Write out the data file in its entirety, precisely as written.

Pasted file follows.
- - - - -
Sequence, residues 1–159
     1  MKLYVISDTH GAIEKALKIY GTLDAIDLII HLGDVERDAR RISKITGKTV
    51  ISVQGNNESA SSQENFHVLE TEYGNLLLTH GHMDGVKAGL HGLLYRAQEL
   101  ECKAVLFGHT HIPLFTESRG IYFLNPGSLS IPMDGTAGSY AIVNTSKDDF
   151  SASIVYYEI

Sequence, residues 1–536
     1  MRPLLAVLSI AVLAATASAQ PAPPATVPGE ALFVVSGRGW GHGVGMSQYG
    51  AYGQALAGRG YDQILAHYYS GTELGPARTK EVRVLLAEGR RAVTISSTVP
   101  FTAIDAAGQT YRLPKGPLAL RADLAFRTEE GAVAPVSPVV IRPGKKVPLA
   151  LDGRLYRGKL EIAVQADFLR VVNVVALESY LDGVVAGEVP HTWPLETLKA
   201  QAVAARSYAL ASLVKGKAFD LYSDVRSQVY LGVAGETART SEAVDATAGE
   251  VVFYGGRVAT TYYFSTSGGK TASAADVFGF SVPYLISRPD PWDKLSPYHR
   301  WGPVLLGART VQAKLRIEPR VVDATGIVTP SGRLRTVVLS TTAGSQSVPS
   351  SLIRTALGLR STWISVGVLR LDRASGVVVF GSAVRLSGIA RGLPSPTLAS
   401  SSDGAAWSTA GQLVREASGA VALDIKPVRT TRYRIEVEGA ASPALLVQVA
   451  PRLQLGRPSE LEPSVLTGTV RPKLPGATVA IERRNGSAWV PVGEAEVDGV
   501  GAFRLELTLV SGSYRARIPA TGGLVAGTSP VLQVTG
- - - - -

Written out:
Sequence, residues 1–159
     1  MKLYVISDTH GAIEKALKIY GTLDAIDLII HLGDVERDAR RISKITGKTV
    51  ISVQGNNESA SSQENFHVLE TEYGNLLLTH GHMDGVKAGL HGLLYRAQEL
   101  ECKAVLFGHT HIPLFTESRG IYFLNPGSLS IPMDGTAGSY AIVNTSKDDF
   151  SASIVYYEI

Sequence, residues 1–536
     1  MRPLLAVLSI AVLAATASAQ PAPPATVPGE ALFVVSGRGW GHGVGMSQYG
    51  AYGQALAGRG YDQILAHYYS GTELGPARTK EVRVLLAEGR RAVTISSTVP
   101  FTAIDAAGQT YRLPKGPLAL RADLAFRTEE GAVAPVSPVV IRPGKKVPLA
   151  LDGRLYRGKL EIAVQADFLR VVNVVALESY LDGVVAGEVP HTWPLETLKA
   201  QAVAARSYAL ASLVKGKAFD LYSDVRSQVY LGVAGETART SEAVDATAGE
   251  VVFYGGRVAT TYYFSTSGGK TASAADVFGF SVPYLISRPD PWDKLSPYHR
   301  WGPVLLGART VQAKLRIEPR VVDATGIVTP SGRLRTVVLS TTAGSQSVPS
   351  SLIRTALGLR STWISVGVLR LDRASGVVVF GSAVRLSGIA RGLPSPTLAS
   401  SSDGAAWSTA GQLVREASGA VALDIKPVRT TRYRIEVEGA ASPALLVQVA
   451  PRLQLGRPSE LEPSVLTGTV RPKLPGATVA IERRNGSAWV PVGEAEVDGV
   501  GAFRLELTLV SGSYRARIPA TGGLVAGTSP VLQVTG